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Struggling Klay vows to take heat off Steph, Warriors

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Klay Thompson made a promise Sunday night that, if kept, will thin the packs of wolves coming after Stephen Curry.

“My belief is stronger than your doubt,” Thompson wrote on his Instagram story. “I PROMISE you it’s coming. And when it does, the floodgates will open.”

Until those gates open, Curry can expect more of what he got Sunday night in Sacramento. Acutely aware that Curry has been carrying the Warriors’ offense this season, the Kings resorted to the anybody-but-Steph defense. It was successful enough to send the Warriors back to the Bay Area with 122-115 loss.

A lot went wrong for the Warriors, including a damaging eight-turnover second quarter and a porous defense over the final three quarters, during which the Kings outscored them by 20 points. Golden State earned this loss the hard way, coming out with a roar and finishing with a whimper.

Credit Sacramento’s defense -- an oxymoronic phrase for about 16 years -- for making sure Curry would not come to the rescue.

Kings coach Mike Brown, having spent six seasons as a Warriors assistant watching Curry break opponents, had an idea Sunday morning during the team’s walk-through.

“We threw some things at them in the pregame walk-through,” Brown said of his players. “We said, ‘We’re going to blitz Steph. We’ll double-team him.’ We really hadn’t done a lot of that this year. For those guys to take it from the pregame walk-through to the game the way they did, I applaud them.”


Applause earned, particularly in the fourth quarter. Aside from Curry breaking free for a couple 3-pointers, he was under relentless assault. They came at him with some surprise box-and-one defense. They bracketed and bumped and grabbed him. Might have bit him. The Kings took a seven-point lead into the fourth and it was profoundly clear they were willing to let all the other Warriors take their chances.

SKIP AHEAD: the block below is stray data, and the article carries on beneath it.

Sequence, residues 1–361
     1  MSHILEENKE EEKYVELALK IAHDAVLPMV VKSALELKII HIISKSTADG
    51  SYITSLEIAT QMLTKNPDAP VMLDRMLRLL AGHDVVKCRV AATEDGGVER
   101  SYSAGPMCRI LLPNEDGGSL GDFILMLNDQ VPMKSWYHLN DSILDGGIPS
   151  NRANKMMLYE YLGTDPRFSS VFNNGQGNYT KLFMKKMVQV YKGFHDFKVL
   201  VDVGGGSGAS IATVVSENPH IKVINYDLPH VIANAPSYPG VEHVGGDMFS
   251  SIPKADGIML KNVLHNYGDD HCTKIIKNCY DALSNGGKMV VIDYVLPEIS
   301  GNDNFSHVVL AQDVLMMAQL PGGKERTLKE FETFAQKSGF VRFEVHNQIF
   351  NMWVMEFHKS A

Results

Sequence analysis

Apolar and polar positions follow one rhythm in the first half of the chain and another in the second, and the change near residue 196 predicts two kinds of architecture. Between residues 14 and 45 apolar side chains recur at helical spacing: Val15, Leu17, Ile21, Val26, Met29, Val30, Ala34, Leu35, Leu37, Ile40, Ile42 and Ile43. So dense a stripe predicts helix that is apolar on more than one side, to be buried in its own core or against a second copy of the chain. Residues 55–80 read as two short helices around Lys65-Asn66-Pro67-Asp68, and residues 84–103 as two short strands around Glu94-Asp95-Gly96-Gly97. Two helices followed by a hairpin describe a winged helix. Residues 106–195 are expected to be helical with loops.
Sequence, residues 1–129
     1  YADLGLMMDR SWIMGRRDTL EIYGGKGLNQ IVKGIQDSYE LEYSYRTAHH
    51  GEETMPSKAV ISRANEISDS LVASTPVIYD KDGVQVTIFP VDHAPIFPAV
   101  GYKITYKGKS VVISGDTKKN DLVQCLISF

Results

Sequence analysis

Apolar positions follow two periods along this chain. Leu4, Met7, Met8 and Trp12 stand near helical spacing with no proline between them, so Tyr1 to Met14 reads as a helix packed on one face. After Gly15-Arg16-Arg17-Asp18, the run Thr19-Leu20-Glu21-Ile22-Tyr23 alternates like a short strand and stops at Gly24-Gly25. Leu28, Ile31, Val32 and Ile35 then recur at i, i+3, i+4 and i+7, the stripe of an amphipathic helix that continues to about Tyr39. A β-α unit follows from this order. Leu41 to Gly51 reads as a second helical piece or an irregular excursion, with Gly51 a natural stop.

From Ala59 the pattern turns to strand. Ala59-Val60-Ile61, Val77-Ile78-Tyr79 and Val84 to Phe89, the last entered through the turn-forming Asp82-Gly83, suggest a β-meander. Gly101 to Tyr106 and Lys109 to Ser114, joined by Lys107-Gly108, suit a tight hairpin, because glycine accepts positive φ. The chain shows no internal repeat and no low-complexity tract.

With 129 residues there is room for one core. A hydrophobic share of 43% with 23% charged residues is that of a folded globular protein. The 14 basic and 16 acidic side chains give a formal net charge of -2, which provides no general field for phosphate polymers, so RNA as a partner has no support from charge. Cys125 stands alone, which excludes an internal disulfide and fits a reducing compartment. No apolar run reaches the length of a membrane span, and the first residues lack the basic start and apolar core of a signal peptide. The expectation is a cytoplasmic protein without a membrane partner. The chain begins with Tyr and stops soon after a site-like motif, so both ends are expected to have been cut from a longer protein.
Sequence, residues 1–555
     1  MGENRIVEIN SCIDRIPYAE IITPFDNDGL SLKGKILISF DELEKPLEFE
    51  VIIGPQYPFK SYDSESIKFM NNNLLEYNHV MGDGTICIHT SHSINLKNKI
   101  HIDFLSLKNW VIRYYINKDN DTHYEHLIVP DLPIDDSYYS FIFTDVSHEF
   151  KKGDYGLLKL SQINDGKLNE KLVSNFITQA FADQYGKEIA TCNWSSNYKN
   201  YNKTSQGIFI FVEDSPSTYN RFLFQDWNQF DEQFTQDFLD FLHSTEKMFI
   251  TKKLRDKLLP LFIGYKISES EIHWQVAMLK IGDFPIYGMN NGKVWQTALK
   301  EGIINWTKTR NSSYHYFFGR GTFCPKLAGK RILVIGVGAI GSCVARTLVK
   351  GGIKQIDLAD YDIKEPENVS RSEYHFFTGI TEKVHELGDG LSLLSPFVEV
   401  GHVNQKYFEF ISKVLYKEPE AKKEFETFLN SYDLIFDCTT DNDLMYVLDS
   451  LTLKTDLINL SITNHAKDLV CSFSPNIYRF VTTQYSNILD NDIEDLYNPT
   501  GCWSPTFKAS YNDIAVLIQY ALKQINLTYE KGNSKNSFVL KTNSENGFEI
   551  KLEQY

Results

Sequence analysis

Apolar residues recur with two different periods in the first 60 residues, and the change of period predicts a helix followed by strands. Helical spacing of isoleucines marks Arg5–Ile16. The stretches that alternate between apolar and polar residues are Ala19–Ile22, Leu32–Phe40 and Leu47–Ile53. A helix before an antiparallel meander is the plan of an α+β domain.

If that meant sagging off of Andrew Wiggins and Thompson, both very capable shooters, so be it.

Curry in the fourth quarter shot 2-of-6 from the field, including 2-of-5 from deep. His teammates, getting as many open looks as they could have wished for, shot 8-of-20, including 2-of-11 from distance. Wiggins was 0-of-4 beyond the arc in the fourth and Thompson was 1-of-3. If each connects on one more, it might have foiled Brown’s plan.

The Warriors in the fourth quarter managed only 24 points on 10-of-26 shooting, while the Kings were scoring 24 on 10-of-17 shooting.

It was seven days ago that Curry tortured the Kings, scoring 47 points, including 17 in the final 10 minutes as the Warriors wiped out a 10-point deficit to take a 116-113 win at Chase Center.

In a 113-94 win over the Kings on Oct. 23, Curry scored 33 points in 26 minutes.

He totaled 80 points over two games, on 28-of-42 (66.7 percent) shooting, including 14-of-23 (60.9) beyond the arc. Meanwhile, Thompson over those same two games scored 24 points on 9-of-28 (32.1) shooting, including 5-of-17 (29.4) from deep.

Brown and his staff wised up and changed the approach for their third game against the Warriors on Sunday.

“They made adjustments for sure,” Curry said.

The Kings in the first two games picked and chose when to send another defender and when to hedge. They leaned on their basic switching defense. They were exfoliated by Curry, who has done that to most opponents this season.

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“I still got decent amount of looks,” Curry said. “But with the way I’m playing, I’ve got to expect that more in the future, teams making adjustments like that. I’ve got to try to make the right reads and still be aggressive to draw attention and get other people shots."

Other people. That means Jordan Poole, if he’s on the floor. That means Wiggins, if he’s on the floor. That means Thompson, because as Curry’s primary sidekick since 2011, he almost certainly will be on the floor.

Klay can see what is happening; he surely saw it Sunday because the Kings were downright blatant. He can expect more of that, perhaps as soon as Monday night, when Gregg Popovich brings the Spurs into Chase Center.

Until “the floodgates open,” there is every reason to believe the wolves will continue to come after Curry in packs.

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